Not all is fair in love, war and sometimes – business.
Recently, the Federal Trade Commission (FTC) took action against two auto dealer groups for violating its administrative orders. The violations were related to advertising the cost of buying or leasing a car in a rather deceptive and misleading way.
Before we go into the details of civil penalties, and how they can cost your business hundreds of thousands, one thing is clear: Don’t lie and cheat for bigger sales. The auto industry has been on a steady rise in 2014; things are looking up for auto dealers. So while advertising your business, don’t rely on gimmicks and go easy on the small print. Be sure that your current and potential customers will notice.
Too Good to be True
What caught FTC’s attention and why? One of the auto dealer groups in question was Billion Auto, a chain of 20 family-owned dealerships in three states. What FTC found offensive to customers was the way the dealership presented material costs and terms of vehicle finance and lease offers.
For example, their ads mostly focused only on a few attractive terms. The rest of the details were buried in fine print or masked with attention-grabbing visuals and rapid-fire audio delivery.
The complaint against Billion Auto included other violations, such as:
- Promotion of low monthly payments, annual percentage periods, and finance periods as if they pertained to sales, while they were valid only for leases.
- Unclear, and often quite limiting, conditions who could qualify for discounts.
- Significant added costs.
To settle the FTC’s charges, the dealership and its partner advertising company had to pay $360,000 in civil penalties.
Better Safe Than Sorry
As an auto dealer, you need to be aware of all specific disclosures when it comes to finance and lease. The rules of that game are mandated by the Truth in Lending Act (TILA) and Regulation Z and the Consumer Leasing Act (CLA) and Regulation M.
Or you can follow some common sense practices and stay out of trouble:
- Don’t twist material facts regarding the cost and terms of financing or leasing new vehicles.
- State clearly the amount or percentage of any down payment, period of payment, along with the amount of any finance charge.
- Define all terms of payment.
- List the annual percentage rate (APR), and specify under what conditions it may be increased.
- Don’t use a photo of a vehicle that is not the same make or year as the one being offered for the price or terms advertised.
- Don’t advertise a vehicle that you know to be salvaged; that has been flooded, or was formerly a police vehicle or a taxi cab, without identifying that fact in the advertisement.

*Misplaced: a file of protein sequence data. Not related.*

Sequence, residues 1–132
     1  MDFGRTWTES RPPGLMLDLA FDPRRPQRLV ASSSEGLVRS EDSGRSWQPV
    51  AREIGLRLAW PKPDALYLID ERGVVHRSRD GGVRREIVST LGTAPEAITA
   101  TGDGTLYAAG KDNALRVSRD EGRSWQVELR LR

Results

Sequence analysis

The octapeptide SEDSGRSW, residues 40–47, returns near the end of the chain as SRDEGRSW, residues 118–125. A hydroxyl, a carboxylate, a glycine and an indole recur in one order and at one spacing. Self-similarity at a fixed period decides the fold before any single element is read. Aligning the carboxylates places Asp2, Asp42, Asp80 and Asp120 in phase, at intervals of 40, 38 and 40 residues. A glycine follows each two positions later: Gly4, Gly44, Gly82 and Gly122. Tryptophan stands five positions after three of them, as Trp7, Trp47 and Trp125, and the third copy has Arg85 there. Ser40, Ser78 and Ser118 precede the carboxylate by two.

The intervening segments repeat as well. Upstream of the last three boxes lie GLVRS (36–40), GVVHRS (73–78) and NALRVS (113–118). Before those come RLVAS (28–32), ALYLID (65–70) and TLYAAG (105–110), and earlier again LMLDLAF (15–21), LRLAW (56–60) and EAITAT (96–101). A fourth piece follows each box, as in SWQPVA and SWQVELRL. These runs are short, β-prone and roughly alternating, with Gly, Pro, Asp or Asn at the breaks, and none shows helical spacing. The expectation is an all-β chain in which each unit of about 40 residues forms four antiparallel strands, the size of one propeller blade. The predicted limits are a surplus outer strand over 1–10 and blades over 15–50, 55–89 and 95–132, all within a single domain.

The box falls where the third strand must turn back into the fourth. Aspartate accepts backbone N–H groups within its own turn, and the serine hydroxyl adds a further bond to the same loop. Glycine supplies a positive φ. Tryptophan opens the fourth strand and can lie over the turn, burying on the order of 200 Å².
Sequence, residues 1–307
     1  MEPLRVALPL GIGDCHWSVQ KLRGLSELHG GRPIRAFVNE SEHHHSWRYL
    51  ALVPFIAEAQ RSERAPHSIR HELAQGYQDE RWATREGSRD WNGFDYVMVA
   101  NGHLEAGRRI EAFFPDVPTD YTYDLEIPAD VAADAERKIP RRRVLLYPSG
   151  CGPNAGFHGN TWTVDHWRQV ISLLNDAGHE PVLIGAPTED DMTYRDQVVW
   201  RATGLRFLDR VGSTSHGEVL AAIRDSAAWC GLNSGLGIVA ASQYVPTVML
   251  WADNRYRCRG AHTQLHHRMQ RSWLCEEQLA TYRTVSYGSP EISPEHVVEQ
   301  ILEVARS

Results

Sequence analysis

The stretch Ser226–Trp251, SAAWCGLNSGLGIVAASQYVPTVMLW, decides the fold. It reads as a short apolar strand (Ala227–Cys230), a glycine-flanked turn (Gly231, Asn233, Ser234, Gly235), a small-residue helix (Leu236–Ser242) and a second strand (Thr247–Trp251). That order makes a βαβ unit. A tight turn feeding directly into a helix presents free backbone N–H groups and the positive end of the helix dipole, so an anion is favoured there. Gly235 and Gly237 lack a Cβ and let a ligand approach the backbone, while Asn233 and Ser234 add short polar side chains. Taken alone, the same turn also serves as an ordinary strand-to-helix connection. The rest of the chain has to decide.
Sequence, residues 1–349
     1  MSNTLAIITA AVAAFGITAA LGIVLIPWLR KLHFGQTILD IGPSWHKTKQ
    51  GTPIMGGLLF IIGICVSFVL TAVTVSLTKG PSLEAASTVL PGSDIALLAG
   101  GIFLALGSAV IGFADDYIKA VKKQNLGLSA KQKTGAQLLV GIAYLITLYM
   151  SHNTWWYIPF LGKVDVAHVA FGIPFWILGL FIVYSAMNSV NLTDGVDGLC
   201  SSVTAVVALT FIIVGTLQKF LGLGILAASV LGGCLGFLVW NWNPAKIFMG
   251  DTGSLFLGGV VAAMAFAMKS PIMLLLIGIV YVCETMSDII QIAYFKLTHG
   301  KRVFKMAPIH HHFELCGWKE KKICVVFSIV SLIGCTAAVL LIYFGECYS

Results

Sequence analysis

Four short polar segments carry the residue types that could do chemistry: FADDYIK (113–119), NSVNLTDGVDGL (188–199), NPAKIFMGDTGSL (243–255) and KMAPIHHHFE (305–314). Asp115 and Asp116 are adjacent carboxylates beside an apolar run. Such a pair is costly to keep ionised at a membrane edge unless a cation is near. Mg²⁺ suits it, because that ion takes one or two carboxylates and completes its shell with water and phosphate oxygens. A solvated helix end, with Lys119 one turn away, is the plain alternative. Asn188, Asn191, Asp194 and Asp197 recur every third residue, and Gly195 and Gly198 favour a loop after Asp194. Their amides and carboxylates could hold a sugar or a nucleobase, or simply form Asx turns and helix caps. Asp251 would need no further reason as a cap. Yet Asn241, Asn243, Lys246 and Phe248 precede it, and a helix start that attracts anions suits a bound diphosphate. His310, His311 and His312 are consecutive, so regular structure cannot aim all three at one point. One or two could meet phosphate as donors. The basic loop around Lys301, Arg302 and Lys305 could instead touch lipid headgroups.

Providing accurate and clear information will help your customers make up their minds quickly. In addition, it will solidify your reputation as a fair player.
The World of Advertising
There are a few basic rules to follow when you promote your business. Don’t deviate from them if you want to gain your customers’ trust. Here they are:
A. When you do print advertisement, make sure the disclosed information is in a proper location and type size. The print has to be in contrast with the background against which it appears, so the customer can notice it and read it without a strain.
B. When recording an audio for an electronic medium, do it in the appropriate volume and cadence, so it’s easy for the customer to hear and comprehend it.
C. If you are making a video, again, it has to be done in the right volume, cadence, and shades. If it’s too distracting with lots of action in it, you will quickly lose viewers’ attention. It also needs to appear on the screen long enough for the viewer to see it or read any information provided in it.
D. In a radio advertisement, choose the right volume and tone of voice. If you are describing payment and lease conditions, state them slowly and clearly, so that anyone can hear them. Or because the time is limited, give all of your contact details for more information.
E. In all advertisements, what you say or write has to be in understandable
language and syntax. If there are inconsistencies, contradictory messages, or hard-to-grasp payment and lease conditions, your ad will have little value to your business.
Even though it’s expected that most advertising companies would advise you about the basics of lawful and fair advertising, you also must know what can harm or boost your business.
How Do YOU Advertise?
Many would argue that the best advertisement equals excellent customer service, and there’s no need for spending money on elaborate advertising. Do you agree with this formula?
What have you found to work best for you business?
Share your experience in the comments below, so other fellow dealers can pick your brains, or give you useful tips if you are out of ideas.